House Speaker Nancy Pelosi has directed nearly $100,000 from her political action committee to her husband’s real estate and investment firm over the past decade, a practice of paying a spouse with political donations that she supported banning last year.
The payments have quadrupled since Mr. Pelosi took over as treasurer of his wife’s committee in 2007, Federal Election Commission records show. FLS is on track to take in $48,000 in payments this year alone - eight times as much as it received annually from 2000 to 2005, when the committee was run by another treasurer.
Lawmakers’ frequent use of campaign donations to pay relatives emerged as an issue in the 2006 election campaigns, when the Jack Abramoff lobbying scandal gave Democrats fodder to criticize Republicans such as former House Majority Leader Tom DeLay of Texas and Rep. John T. Doolittle of California for putting their wives on their campaign and PAC payrolls for fundraising work.
Last year, Mrs. Pelosi supported a bill that would have banned members of Congress from putting spouses on their campaign staffs. The bill - which passed the House in a voice vote but did not get out of a Senate committee - banned not only direct payments by congressional campaign committees and PACs to spouses for services including consulting and fundraising, but also “indirect compensation,” such as payments to companies that employ spouses.
“Democrats are committed to reforming the way Washington does business,” Mrs. Pelosi said in a press release at the time. “Congressman [Adam] Schiff’s bill will help us accomplish that goal by increasing transparency in election campaigns and preventing the misuse of funds.”
Last week, Mrs. Pelosi’s office said the payments to her husband’s firm were perfectly legal, insisting she is compensating her husband at fair market value for the work his firm has performed for the PAC. But ethical watchdogs said the arrangement sends the wrong message.
“It’s problematic,” said Melanie Sloan, executive director of the Citizens for Responsibility and Ethics in Washington (CREW), a nonprofit ethics and watchdog group. “From what I understand, Mr. Pelosi doesn’t need the money, but this isn’t the issue. … As speaker of the House, it sends the wrong message. She shouldn’t be putting family members on the payroll.”
A senior adviser to Mrs. Pelosi described the payments to FLS as “business expenses.”
“She’s followed all the appropriate rules and regulations in terms of records and paperwork,” said Brendan Daly, Mrs. Pelosi’s spokesman. “When [former treasurer] Leo McCarthy became ill, she thought that it was best that that firm did the accounting and she’s paid fair market value in San Francisco.”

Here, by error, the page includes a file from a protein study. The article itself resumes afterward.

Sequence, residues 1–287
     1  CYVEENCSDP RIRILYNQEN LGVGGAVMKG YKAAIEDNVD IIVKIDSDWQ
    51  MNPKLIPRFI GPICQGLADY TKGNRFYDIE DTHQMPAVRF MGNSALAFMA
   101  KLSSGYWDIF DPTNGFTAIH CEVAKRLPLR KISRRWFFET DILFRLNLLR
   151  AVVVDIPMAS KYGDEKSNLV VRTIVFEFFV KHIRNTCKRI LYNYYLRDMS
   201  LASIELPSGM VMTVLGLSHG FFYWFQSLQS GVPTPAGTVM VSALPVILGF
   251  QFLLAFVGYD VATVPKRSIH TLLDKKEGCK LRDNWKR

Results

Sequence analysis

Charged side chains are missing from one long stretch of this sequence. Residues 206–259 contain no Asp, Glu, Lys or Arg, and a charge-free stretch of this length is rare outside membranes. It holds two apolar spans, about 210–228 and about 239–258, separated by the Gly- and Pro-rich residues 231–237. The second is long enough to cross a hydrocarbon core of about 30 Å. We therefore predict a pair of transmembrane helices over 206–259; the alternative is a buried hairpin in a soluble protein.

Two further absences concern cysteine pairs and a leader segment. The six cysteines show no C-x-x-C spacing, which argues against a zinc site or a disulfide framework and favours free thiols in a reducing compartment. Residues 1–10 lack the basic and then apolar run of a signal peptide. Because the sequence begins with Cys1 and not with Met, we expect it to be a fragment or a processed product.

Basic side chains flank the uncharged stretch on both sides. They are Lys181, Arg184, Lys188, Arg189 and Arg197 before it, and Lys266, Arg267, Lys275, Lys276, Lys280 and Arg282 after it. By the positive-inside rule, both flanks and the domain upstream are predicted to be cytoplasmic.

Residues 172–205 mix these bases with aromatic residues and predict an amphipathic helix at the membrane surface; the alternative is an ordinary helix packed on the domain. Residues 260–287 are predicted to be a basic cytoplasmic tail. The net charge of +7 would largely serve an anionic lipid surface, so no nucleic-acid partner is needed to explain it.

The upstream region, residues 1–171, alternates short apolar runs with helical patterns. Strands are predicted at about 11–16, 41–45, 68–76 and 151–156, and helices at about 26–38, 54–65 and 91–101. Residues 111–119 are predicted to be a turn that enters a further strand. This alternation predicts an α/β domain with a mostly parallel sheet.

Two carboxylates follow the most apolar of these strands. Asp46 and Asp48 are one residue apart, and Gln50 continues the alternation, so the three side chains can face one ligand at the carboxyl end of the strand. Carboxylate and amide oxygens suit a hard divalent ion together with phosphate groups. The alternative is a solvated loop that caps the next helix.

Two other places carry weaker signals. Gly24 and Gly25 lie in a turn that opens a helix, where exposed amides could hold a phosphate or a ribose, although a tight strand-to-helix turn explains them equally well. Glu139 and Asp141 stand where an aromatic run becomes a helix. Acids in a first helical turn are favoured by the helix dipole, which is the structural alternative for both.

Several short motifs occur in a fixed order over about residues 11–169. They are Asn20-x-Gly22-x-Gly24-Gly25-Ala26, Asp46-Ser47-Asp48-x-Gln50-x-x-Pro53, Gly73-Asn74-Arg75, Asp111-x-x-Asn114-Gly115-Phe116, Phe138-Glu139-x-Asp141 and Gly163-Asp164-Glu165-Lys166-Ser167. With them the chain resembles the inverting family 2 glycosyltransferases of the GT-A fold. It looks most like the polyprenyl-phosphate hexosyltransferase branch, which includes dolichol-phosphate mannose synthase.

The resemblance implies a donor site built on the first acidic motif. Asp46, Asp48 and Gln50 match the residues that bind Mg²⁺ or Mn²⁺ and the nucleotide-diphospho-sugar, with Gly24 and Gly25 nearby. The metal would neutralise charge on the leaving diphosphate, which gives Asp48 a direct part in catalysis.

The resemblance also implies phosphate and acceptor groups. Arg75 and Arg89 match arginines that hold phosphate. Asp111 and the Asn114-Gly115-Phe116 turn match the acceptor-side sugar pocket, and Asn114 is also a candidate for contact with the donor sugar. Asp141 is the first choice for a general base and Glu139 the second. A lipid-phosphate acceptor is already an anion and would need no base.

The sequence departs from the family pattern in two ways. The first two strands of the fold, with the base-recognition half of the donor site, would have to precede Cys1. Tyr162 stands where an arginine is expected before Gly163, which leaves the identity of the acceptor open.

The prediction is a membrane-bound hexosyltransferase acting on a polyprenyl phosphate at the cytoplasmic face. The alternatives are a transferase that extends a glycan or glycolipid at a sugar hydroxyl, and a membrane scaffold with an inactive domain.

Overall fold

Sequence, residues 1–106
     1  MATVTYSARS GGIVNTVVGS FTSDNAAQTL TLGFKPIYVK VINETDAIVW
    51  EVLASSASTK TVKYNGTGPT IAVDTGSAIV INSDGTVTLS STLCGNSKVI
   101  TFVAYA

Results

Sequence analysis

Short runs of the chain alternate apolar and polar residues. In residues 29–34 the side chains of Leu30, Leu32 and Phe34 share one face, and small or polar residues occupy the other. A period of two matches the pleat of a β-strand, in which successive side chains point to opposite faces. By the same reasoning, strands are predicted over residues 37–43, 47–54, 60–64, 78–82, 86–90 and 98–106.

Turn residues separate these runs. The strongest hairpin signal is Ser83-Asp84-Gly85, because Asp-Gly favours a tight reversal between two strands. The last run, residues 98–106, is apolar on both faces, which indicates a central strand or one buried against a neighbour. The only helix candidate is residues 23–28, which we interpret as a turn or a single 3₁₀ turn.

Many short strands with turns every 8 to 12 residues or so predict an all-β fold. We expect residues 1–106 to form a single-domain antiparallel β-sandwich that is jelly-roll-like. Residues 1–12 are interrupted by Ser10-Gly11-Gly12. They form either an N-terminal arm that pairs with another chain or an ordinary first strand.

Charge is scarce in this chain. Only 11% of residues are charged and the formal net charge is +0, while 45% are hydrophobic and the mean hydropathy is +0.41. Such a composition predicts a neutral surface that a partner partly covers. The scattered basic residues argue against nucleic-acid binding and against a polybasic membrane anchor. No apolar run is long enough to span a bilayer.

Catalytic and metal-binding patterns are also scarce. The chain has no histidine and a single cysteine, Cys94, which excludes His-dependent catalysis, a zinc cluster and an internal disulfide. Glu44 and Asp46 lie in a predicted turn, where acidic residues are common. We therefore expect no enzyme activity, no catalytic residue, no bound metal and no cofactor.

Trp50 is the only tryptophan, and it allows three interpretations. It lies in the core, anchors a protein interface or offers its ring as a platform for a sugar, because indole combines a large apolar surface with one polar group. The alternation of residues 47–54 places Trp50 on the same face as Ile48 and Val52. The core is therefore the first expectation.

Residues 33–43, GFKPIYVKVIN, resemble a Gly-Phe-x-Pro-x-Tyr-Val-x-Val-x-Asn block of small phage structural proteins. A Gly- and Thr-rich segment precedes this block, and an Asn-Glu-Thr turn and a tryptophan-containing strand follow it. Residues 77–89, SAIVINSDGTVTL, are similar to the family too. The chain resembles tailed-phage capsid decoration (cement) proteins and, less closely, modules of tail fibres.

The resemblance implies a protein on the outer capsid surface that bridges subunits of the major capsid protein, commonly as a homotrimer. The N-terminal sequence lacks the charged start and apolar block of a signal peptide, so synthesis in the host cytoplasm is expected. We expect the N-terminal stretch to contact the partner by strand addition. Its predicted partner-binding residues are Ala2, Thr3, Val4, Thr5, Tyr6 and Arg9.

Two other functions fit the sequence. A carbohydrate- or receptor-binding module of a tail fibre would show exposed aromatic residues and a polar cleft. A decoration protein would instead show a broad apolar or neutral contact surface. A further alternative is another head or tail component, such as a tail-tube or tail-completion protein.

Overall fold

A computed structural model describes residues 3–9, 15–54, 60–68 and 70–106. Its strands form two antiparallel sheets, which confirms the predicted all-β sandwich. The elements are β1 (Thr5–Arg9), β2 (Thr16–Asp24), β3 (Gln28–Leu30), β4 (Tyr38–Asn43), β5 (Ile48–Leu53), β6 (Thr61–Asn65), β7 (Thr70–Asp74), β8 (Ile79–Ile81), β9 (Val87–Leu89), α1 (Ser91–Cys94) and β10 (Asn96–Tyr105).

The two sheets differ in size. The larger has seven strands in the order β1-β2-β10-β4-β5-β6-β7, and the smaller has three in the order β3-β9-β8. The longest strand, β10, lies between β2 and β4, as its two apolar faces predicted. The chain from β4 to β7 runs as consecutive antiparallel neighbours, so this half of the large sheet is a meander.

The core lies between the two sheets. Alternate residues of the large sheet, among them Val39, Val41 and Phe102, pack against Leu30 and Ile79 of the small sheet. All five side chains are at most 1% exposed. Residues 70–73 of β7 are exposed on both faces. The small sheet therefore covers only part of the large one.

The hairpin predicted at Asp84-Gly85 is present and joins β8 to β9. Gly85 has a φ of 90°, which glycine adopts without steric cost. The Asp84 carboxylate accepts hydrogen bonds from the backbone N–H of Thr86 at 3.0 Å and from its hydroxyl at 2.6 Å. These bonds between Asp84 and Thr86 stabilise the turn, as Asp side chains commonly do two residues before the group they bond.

Between 1999 and 2006, FLS collected $500 per month to cover rent, utilities and equipment for the leadership PAC, according to the FEC records. The PAC’s address is listed as a personal mailbox in San Francisco, across the street from FLS’s Montgomery Street office building, but the rent payments went to an office space.
In early 2007, the PAC’s treasurer, Leo T. McCarthy, former Democratic speaker of the state assembly and lieutenant governor in California, died. Mr. Pelosi took over as treasurer and his company’s PAC payouts rose.
At that point, FLS started charging the PAC $24,000 per year for accounting work. In January 2008, the PAC’s rent - paid to FLS - also quadrupled from $500 to $2,000 per month.
Mr. McCarthy, the previous treasurer, had done the work as a volunteer, according to FEC documents and Jennifer Crider, a senior adviser to Mrs. Pelosi and spokeswoman for the Democratic Congressional Campaign Committee. She said FLS’ accounting fees are in line with costs for other PACs.
The jump in rent was an adjustment to reflect San Francisco’s pricey real estate market, Miss Crider said. The rent was adjusted to $1,250 per month, with $750 in back rent to reflect that the rent should have been increased in mid-2007. This was the first increase since the PAC was established in mid-1999, records show.
Over the first six months of 2008, FLS was the largest vendor for Mrs. Pelosi’s PAC. Brian Wolff, a political consultant, is the second-largest vendor, bringing in $22,500 this year.
FLS’ payments represent 11 percent of the $213,900 the PAC raised over the first half of this year, according to the FEC documents.
PACs, which are designed to help politicians contribute to other candidates and build influence with colleagues, operate under lighter restrictions than traditional campaign committees.
Meredith McGehee, policy director at the nonpartisan Campaign Legal Center, said putting family members on a PAC payroll is bound to raise questions and, in some cases, allow for abuse.
“The reality is that under the current system, PACs are rife with self-dealing transactions,” she said. “The laws and regulations could and should be strengthened.
“There is a point now that you’re starting to talk about real money,” she said of Mrs. Pelosi’s PAC. “This is not just a mom-and-pop operation and any self-dealing transaction by a member of Congress is going to get scrutiny, particularly with large amounts of money and prominent members.”
It is illegal for members of Congress to hire family members to work on their official staff, but hiring relatives to work on a campaign or PAC is legal.
To be sure, many political action committees employ or work with family businesses. Last year, CREW found that 19 members of Congress used campaign committees or PACs to purchase services from a family member between 2002 and 2006.
Mrs. Pelosi’s PACs have been in trouble before. In 2004, one of her political action committees, Team Majority, was fined $21,000 by the FEC for accepting donations over federal limits. It was one of two PACs she operated at the same time. The Team Majority PAC was closed shortly after the fine was levied.
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